“ShK puts the cork in the bottle,” says Ray Norton at Monash University in Melbourne, Australia, who has been involved in the project since 1996. “In the presence of our compound, the cells become immobilized and wither and die.”

Studies in animal models of MS have been a success, and the latest version of the compound is due to start clinical trials in humans by mid-2012.

“In MS, there’s a lot of nerve damage. We can certainly stop further damage,” says Norton. “Time will tell whether we can reverse damage that has already happened — whether the innate repair mechanisms start to win out once the effector memory T-cells are taken out. We are hopeful.” Quite what such a compound is doing in sea anemones in the first place is an open question. Possibly it acts to stun the fish that they eat. Ion channel function can vary significantly from species to species, and the ion channel’s role in fish could be very different from its role in our bodies.
4. DRUG: Xen2174
SOURCE: Cone snail
CONDITION: Severe pain
Divers beware: Not all pretty seashells are harmless. Pick up one containing a live cone snail and it will defend itself with its sting. The result can be fatal. Nevertheless, venom researcher Richard Lewis and his team at the University of Queensland, Brisbane, Australia, seek out these creatures along the Great Barrier Reef.

“They’re a challenge to get,” he says. “During the day they hide, and you can turn hundreds of pieces of dead coral over before you find a cone snail.”

It’s worth the hunt. Cone snails are one of the youngsters of the venom world, developing their poisonous sting just a few tens of millions of years ago. As a result, their venoms are still an evolutionary work in progress. Members of the same species can deploy very different mixtures of chemicals.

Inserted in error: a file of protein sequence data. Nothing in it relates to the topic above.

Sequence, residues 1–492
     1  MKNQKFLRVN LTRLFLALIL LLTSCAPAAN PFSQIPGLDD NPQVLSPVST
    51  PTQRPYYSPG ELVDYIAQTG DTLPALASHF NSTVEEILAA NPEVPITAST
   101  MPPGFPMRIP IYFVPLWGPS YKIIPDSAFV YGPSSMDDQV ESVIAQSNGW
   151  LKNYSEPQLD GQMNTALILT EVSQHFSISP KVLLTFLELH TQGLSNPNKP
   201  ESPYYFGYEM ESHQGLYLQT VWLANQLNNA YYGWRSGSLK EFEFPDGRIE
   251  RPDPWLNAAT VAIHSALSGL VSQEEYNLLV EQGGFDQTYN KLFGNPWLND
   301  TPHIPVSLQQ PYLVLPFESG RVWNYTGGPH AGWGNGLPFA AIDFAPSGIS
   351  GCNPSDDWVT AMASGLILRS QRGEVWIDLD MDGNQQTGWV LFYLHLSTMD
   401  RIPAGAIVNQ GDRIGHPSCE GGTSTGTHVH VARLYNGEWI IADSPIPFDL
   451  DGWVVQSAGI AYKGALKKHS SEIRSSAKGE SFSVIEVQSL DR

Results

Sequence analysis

“Even individuals collected from the same place may only have a 25 percent overlap in the venoms they produce,” says Lewis. That means they produce a vast array of potential medicines.

Cone snail venom is providing a complementary hunting ground to the more traditional snake venom research. Whereas snake venoms tend to target the cardiovascular system, cone snails prefer to shut down the nervous system of their prey. This means they have great potential as pain medications.

One cone snail venom compound discovered by Lewis and his team is about to go into phase II clinical trials. Code-named Xen2174, it works by boosting the signal along the body’s natural painkilling nerves that run along the spine.
“In our initial safety study, we tested the drug in over 30 people with severe cancer pain, and the compound was able to produce a really quite profound reversal of pain in many of these patients, an effect that could last for many days with a single injection into the spine,” says Lewis. Buoyed by their success, the researchers are also starting to develop a painkilling venom-based compound to be given orally. 5. DRUG: Cobratoxin, cobrotoxin
SOURCE: Cobra
CONDITION: Multiple sclerosis, HIV